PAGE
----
Following is the speech by the Director of Public Prosecutions, Mr Keith Yeung, SC, at the opening ceremony of Prosecution Week 2017 today (June 23):
Secretary for Justice, Chairman of the Bar Association, Vice-President of the Law Society, distinguished guests, ladies and gentlemen,
I welcome all of you to this official opening of Prosecution Week 2017 organised by the Prosecutions Division of the Department of Justice.
This is the sixth run of this annual event. This year, our theme is:
The Rule of Law
Yes, the Rule of Law - clear and emphatic; no pre-fix or sub-fix; no dash or colon; no qualification or compromise. It is that same unequivocal approach the Prosecutions Division adopts when it comes to upholding the rule of law.
The Prosecutions Division has very important duties to discharge. The main, and the most important one, is to decide whether to prosecute. When discharging that and all other duties, we are, as provided in paragraph 3.1 of our Prosecution Code, "required to comply with and promote the rule of law." That means, importantly, that the prosecution is required to act in the general public interest, but independently as a "minister of justice". In making decisions and exercising discretion, a prosecutor must act fairly and dispassionately on the basis of the law, the facts provable by the admissible evidence, other legally relevant information known to the prosecution, and any applicable prosecutorial policies or guidelines.
Those are the relevant considerations. Compliance with the rule of law also means that the prosecution, when making decisions, ought not be influenced by any irrelevant considerations. Such irrelevant considerations include:
(a) Investigatory, political or media interest;
(b) Personal feelings or beliefs of the prosecutor;
(c) The possible political effect on the Government, any political party, or group or individual; and
(d) Possible media or public reaction to the decision.
As you can see, our role is not easy. We have to be able to distinguish the relevant from the irrelevant, and then to consider carefully the former, but ignore the latter. And not only are we required to have the ability and integrity to do that, we also need to have a system to ensure the prosecution to do that. It is here where the important concept of prosecutorial independence comes in. As the Court of Appeal has pointed out in Re C (A Bankrupt)  4 HKC 582 at 590:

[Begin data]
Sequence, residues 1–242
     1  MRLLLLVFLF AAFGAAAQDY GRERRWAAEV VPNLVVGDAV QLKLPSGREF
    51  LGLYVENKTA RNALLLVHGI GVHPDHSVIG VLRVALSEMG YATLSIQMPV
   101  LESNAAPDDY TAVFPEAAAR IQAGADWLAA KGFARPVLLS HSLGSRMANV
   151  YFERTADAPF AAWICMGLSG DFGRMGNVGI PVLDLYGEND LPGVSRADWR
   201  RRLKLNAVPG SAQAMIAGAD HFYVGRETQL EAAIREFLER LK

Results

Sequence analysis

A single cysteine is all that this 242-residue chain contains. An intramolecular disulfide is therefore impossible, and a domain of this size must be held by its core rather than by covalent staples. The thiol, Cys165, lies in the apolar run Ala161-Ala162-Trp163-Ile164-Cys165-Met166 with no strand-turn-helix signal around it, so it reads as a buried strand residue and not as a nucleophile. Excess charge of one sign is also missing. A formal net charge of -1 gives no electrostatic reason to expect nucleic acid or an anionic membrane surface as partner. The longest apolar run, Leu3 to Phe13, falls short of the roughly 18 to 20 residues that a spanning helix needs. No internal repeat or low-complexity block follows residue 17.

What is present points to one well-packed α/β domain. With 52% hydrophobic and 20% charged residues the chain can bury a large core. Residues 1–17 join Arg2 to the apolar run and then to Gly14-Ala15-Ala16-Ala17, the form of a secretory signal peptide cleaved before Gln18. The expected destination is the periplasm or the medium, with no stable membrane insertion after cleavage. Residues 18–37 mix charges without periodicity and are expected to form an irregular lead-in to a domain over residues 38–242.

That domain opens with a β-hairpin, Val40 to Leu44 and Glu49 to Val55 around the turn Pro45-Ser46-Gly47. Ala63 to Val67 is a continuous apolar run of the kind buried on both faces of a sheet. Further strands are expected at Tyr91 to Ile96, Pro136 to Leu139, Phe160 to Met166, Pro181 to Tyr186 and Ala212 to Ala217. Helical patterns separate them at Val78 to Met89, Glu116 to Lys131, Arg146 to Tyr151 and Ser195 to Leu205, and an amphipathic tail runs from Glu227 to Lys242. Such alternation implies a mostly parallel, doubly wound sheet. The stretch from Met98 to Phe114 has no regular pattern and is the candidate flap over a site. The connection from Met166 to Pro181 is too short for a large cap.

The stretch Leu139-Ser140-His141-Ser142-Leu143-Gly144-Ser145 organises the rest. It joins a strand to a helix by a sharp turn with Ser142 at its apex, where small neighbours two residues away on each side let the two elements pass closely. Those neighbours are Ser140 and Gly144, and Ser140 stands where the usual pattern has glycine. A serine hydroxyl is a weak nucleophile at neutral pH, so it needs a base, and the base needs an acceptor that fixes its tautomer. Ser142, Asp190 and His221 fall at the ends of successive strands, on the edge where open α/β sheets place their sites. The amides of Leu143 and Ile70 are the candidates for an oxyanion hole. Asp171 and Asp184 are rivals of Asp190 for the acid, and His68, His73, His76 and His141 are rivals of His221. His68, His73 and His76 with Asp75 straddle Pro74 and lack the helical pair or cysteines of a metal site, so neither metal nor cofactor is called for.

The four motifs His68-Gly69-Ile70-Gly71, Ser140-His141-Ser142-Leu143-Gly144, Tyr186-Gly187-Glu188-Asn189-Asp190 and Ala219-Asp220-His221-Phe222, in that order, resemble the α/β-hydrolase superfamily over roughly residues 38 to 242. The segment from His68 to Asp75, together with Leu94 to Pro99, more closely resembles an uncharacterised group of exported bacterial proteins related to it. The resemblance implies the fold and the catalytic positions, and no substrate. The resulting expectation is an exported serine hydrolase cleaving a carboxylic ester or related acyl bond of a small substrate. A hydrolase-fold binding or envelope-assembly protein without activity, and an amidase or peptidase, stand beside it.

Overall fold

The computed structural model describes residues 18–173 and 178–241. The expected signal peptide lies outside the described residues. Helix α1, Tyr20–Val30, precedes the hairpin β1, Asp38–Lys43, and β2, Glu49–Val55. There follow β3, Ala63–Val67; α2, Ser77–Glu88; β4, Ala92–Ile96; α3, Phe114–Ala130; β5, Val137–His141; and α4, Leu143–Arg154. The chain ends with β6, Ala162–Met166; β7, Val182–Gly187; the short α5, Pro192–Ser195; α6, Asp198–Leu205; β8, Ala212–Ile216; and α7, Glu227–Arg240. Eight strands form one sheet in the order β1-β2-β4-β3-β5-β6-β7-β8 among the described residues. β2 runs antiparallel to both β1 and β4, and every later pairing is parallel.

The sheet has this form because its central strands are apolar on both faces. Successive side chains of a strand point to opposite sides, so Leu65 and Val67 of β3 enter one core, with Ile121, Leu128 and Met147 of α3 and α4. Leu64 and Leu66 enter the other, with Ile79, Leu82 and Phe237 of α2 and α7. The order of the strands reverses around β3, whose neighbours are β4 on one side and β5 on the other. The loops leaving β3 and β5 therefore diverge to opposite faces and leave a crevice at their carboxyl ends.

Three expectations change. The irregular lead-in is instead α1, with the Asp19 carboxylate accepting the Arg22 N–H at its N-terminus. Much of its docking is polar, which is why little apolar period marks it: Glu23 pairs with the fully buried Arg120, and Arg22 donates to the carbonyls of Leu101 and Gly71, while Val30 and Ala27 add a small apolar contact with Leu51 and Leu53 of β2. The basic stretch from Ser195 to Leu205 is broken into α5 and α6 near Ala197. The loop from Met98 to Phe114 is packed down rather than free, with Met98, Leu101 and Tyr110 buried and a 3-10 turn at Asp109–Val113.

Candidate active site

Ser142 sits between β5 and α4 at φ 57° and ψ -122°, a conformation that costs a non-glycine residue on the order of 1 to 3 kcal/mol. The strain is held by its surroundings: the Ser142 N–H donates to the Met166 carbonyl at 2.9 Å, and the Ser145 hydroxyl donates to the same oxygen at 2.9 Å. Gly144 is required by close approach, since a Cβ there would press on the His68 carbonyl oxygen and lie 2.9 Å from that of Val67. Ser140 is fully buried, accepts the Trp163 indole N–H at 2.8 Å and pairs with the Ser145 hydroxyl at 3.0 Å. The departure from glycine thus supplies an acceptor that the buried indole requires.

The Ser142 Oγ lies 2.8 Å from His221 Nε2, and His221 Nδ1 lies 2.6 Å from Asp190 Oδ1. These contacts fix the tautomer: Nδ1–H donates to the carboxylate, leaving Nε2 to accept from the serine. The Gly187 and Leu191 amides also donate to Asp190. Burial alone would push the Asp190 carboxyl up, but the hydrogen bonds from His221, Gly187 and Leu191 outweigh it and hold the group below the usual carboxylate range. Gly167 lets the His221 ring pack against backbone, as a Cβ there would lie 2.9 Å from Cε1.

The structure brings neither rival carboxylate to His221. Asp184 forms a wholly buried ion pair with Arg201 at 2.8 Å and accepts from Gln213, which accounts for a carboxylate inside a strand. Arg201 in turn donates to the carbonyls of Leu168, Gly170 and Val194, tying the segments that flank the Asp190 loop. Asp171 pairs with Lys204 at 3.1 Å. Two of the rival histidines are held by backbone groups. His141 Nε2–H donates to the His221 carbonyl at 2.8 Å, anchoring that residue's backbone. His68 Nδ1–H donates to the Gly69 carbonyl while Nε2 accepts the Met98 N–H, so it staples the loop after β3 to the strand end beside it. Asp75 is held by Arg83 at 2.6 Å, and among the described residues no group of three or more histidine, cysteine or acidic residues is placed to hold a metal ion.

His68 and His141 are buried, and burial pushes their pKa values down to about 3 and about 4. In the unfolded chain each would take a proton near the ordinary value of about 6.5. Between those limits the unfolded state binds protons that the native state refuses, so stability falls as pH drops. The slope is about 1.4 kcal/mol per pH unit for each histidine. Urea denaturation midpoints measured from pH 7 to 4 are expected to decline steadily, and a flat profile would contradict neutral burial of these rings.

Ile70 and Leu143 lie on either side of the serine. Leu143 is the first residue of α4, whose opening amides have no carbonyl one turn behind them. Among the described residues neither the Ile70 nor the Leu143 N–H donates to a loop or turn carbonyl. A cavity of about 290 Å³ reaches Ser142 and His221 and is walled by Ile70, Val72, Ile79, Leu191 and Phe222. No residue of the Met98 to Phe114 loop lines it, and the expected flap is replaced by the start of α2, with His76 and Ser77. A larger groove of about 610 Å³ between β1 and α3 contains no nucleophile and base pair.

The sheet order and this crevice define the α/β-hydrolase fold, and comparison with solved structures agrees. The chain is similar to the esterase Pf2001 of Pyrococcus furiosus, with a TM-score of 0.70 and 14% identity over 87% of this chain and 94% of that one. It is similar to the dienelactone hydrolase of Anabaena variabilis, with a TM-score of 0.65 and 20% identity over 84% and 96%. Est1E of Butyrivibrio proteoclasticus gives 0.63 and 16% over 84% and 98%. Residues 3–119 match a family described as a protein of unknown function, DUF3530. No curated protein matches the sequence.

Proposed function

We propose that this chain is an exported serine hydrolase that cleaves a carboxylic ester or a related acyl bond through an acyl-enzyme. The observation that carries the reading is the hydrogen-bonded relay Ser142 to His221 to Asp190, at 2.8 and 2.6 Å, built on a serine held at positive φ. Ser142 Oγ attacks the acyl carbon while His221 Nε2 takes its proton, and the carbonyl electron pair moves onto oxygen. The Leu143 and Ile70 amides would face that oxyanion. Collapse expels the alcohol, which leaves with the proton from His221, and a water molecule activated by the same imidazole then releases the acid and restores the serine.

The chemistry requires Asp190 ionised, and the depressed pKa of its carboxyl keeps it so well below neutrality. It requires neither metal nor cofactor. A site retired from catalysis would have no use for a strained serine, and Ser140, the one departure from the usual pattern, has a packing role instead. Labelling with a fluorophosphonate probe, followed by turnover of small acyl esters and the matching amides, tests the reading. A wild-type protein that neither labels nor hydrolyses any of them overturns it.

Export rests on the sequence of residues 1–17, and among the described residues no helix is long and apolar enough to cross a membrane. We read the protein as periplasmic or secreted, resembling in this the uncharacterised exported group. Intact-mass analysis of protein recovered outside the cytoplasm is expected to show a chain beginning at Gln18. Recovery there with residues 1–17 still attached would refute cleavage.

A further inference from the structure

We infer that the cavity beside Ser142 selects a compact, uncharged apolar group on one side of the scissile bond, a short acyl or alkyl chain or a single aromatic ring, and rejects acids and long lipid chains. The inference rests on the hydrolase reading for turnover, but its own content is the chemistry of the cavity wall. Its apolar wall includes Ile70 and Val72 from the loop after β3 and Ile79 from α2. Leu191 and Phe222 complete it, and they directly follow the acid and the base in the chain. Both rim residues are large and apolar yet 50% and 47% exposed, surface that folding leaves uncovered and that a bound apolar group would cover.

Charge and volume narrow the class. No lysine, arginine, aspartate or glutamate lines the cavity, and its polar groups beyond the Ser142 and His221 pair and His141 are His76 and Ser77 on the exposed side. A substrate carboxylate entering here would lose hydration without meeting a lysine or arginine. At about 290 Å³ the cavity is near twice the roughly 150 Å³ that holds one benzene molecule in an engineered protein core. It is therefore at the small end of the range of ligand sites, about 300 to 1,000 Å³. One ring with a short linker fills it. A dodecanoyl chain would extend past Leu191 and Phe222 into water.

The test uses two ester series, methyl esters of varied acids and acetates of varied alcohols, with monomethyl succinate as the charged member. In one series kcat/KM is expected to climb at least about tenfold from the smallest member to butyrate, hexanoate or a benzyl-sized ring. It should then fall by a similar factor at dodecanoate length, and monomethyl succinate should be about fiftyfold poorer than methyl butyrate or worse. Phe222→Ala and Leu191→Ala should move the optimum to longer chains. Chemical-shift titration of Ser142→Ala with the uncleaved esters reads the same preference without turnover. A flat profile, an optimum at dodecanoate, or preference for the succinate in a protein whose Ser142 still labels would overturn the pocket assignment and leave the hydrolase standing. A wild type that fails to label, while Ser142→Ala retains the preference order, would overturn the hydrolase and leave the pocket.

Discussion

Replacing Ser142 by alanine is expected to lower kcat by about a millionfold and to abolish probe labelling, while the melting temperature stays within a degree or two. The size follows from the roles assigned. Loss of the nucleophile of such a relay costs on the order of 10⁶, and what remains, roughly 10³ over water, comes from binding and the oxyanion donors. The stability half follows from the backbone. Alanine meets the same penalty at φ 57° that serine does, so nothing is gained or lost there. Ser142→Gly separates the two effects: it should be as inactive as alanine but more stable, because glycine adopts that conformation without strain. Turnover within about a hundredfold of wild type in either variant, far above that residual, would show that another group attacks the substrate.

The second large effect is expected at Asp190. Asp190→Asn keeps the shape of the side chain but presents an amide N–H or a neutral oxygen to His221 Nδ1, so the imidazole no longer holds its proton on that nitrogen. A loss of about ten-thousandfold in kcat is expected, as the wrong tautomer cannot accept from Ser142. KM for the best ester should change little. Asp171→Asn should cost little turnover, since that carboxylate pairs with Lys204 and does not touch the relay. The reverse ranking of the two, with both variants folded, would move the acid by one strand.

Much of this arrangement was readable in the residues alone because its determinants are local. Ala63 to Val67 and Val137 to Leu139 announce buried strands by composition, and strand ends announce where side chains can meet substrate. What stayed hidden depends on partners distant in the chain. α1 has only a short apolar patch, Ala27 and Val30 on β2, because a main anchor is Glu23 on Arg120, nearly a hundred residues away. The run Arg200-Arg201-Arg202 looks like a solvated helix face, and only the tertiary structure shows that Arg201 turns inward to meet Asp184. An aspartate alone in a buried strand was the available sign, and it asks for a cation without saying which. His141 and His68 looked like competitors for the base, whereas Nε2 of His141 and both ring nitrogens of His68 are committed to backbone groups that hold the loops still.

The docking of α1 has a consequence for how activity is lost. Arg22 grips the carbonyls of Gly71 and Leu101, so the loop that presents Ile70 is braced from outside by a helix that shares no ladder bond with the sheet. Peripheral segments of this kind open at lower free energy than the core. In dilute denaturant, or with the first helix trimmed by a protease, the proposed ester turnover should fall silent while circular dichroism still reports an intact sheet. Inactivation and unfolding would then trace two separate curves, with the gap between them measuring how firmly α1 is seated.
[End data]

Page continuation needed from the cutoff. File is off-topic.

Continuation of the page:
"The prosecutorial independence of the Secretary for Justice is a linchpin of the rule of law ... 'the decision whether any citizen should be prosecuted or whether any prosecution should be discontinued, should be a matter for the prosecuting authorities to decide on the merits of the case without political or other pressure.' [Sir Robert Finlay, 1903] ... these statements ... reflect accepted and applied fundamental principle in this jurisdiction, the continuation of which is preserved by the entire theme of the Basic Law as well as, specifically, by article 63."
Article 63 of the Basic law is definitely repeating, that:
"The Department of Justice of the Hong Kong Special Administrative Region shall control criminal prosecutions, free from any interference."
So, if any person or entity sees fit to approach us and try to tell us what to do, we have the constitutional power to say, firmly but courteously, "Thank you and no thank you. We will do what is deemed appropriate in compliance of the rule of law". Such is our privilege, but such is also the weight of our mandate.
So that we can implement this onerous but important mandate better, society's understanding is vital. This is exactly why it is important for us to continue to organise events like Prosecution Week. Communication is the key, and by definition, communication must not be one-sided. Engagement of and interaction with the community, which are exactly what our Prosecution Week events are aiming at, are no doubt the most, if not the only, effective means to foster mutual understanding and trust.
In order to make that communication more interactive and interesting this year, we have tried out a new format in the form of a law quiz. There are 12 participating schools. It is delightful to see the young participants musing so hard on the answers to some of the questions which even we ourselves find quite difficult. Frankly, I am very impressed by their performance, and I see in many of them potential stars in the legal profession in the not-too-distant future. You will have an opportunity to meet our bright winners in a moment when they happily come onto the stage to collect their prizes for the quiz.
Towards the end of enhancing the community's understanding of the prosecution process, like in the previous years, we have also arranged court visits, mock court exercises and talks for participating schools for this year's Prosecution Week. The Chairlady of the Organising Committee, Ms Bianca Cheng, just told me that the top favourite event for our participating students remains the wig-and-gown mock court sessions. That is no surprise to me!
Alongside Prosecution Week, our Division is also running the "Meet the Community Programme" all year round so that colleagues can reach out to more schools and organisations. The visits have been well received. These two events would no doubt continue to be our key efforts in reaching out to the community for the promotion of the rule of law and our prosecution service.
Finally, thank you all again for attending today's opening ceremony. Special thanks go to the Secretary for Justice; the Chairman of the Bar Association, Mr Paul Lam, SC; and Vice-President of the Law Society, Mr Amirali Nasir, for their unfailing support for Prosecution Week. I am confident that with your presence and active participation, the 2017 run of Prosecution Week will be another delightful success.
With these remarks, may I invite our Secretary for Justice, Mr Rimsky Yuen, SC, to say a few words.
Ends/Friday, Jun 23, 2017